Are you expecting – or hoping – that your parents will help pay for your wedding? If you are, you need to know when to talk with your parents about money, and how do you prepare for that conversation.
Most parents want to do everything they possibly can for their children. This often includes paying for their wedding. It’s wonderful if your parents can write a check for ten or 15 or 20 or 30 thousand dollars (or, yes, sometimes even more) without some mental preparation. Most can’t. That’s a lot of money for most families. They need to work up to it. It takes some planning. At the very least, they may need to move some money around. So, the morning of the day in which you’d like them to start writing checks is not the best time to introduce the topic.
Many families have difficulty discussing money – my parents certainly did – and all the more so when there are lots of emotions involved. Take those things, add the element of significant quantity (the cost of a new car, more or less) and urgency, and the possibility exists for world-class stress. Which is, truly, avoidable. Here are some ways to avoid angst in the family:
1) Get the numbers. Have a good idea of what your wedding is likely to cost, at least within a range. I have this kind of discussion all the time with engaged couples. I’ve developed a cost estimate worksheet that we work through together, detailing the fixed and variable costs so they have a good idea of the overall cost of their wedding. This is something worth doing with a local expert in the wedding industry. Seeing the numbers on paper helps you understand the costs. It also helps the stress melt away. Making decisions becomes easier when the unknowns become knowns. Most local wedding professionals should be able to give you a ballpark idea of your overall costs, based on your answers to a few questions and their knowledge of the business.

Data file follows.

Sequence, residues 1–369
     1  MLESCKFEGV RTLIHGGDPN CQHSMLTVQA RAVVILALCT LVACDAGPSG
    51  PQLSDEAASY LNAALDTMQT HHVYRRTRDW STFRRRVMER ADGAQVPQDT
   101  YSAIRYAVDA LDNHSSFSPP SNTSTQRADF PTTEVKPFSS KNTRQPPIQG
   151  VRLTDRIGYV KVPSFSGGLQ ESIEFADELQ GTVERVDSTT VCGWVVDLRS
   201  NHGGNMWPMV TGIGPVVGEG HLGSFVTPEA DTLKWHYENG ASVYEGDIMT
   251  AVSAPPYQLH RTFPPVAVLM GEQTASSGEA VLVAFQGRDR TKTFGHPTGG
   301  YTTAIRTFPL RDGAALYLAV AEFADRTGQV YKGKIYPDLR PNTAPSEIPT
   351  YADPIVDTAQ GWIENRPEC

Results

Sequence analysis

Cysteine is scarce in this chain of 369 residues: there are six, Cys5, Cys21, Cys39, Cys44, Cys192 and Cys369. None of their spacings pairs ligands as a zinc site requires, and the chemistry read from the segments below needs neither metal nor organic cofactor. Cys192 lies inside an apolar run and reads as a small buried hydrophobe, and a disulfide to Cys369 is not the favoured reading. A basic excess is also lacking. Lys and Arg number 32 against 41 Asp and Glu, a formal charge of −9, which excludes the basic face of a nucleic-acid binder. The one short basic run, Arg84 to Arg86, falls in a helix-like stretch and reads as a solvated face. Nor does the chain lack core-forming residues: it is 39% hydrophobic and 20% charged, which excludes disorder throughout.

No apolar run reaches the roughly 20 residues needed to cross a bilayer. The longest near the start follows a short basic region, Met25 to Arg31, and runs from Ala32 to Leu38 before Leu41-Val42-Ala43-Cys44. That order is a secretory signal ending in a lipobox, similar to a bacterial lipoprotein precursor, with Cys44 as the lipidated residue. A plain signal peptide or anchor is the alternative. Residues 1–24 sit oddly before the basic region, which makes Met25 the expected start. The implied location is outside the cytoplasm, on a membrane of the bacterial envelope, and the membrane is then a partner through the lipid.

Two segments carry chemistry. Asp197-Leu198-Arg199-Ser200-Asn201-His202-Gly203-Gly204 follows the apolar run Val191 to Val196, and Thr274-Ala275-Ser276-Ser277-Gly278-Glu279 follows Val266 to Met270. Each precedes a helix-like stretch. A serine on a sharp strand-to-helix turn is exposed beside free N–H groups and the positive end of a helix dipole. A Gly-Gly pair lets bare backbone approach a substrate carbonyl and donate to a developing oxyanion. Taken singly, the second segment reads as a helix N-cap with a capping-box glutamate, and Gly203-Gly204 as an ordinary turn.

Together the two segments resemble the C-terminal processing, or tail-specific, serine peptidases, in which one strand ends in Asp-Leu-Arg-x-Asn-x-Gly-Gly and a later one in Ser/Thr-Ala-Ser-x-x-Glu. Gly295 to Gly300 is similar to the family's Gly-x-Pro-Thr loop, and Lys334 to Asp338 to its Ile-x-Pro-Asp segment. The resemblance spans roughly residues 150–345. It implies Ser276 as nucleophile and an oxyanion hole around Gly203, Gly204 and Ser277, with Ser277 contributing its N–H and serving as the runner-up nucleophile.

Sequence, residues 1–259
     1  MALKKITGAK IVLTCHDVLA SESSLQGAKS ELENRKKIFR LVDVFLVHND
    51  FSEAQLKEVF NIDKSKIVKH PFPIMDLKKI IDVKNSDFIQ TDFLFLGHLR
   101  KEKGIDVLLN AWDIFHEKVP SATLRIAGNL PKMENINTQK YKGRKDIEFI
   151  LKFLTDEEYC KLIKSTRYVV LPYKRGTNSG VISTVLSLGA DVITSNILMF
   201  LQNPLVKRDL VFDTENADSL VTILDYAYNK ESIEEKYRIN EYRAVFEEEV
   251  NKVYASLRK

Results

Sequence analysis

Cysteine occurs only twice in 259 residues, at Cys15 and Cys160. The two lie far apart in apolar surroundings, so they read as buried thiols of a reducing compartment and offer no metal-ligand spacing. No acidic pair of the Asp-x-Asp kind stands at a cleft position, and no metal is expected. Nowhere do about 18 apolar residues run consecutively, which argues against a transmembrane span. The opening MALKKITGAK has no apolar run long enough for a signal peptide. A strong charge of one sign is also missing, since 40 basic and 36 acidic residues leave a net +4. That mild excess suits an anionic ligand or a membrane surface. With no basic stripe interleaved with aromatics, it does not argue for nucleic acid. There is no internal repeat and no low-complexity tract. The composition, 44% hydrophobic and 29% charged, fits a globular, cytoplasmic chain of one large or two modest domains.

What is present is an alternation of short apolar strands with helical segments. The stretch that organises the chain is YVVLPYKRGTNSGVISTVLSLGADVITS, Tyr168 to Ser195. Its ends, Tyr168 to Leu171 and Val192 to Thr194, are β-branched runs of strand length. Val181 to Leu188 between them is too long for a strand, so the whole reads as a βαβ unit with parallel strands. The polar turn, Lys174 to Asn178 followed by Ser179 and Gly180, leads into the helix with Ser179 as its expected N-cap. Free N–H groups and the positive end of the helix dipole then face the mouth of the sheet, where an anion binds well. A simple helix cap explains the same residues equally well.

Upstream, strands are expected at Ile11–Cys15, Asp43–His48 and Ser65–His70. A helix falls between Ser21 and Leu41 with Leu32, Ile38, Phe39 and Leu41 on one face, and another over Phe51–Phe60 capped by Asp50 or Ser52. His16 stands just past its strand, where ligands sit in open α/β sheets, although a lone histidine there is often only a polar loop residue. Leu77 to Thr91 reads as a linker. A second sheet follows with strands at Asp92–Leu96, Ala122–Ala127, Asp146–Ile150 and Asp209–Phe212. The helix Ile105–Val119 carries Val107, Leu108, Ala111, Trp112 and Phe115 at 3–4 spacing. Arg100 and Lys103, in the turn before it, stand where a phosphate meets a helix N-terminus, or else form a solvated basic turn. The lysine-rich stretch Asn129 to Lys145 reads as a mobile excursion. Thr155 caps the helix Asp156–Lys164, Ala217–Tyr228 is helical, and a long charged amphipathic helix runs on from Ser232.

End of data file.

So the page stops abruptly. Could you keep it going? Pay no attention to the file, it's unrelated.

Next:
2) Sort out your guest list to within, say, ten people. The sooner you’re able to do this, the better. The size of your guest list has a significant bearing on cost, and it guides the venue-selection process. Also, avoid the common thinking that 20% of your guest list will decline your invitation. Even if that happens, you won’t know until a month or less before your wedding. Expect everyone you invite to attend, and budget accordingly.
3) Know the timeline. About half of your money is spent in the first few months of planning, in the form of first payments. Moreover, the two expenses that are commonly the largest – venue and catering – are the first to come up. You need to know right up front not only how much money you have available overall but when it is available to you. A good chunk of the money needs to be accessible as soon as you’re ready to sign contracts.
4) Start the whole discussion early. Parents, and especially fathers, who haven’t been involved in wedding planning in a while may need some education about why you need to know a year or more in advance of your wedding exactly how much support they plan to offer. So start educating your parents early on – which is to say, well before the day upon which you’d like them to write the first check – about the costs of putting on a wedding and reception nowadays. Most parents of couples getting married today were married on the order of 30 years ago. Things cost less back in the 20th century. That may be doubly true if their wedding took place in a small town in, well, anywhere.
The wedding planning process is meant to be fun and exciting. Educating everyone involved, including yourself, early on can reduce your stress and make a huge difference in your happiness.
- David L. Egan is the proprietor and steward of Chase Court, a wedding and event venue in downtown Baltimore. Visit Chasecourt.com, and follow ChaseCourtWeddingVenue on Instagram and Facebook.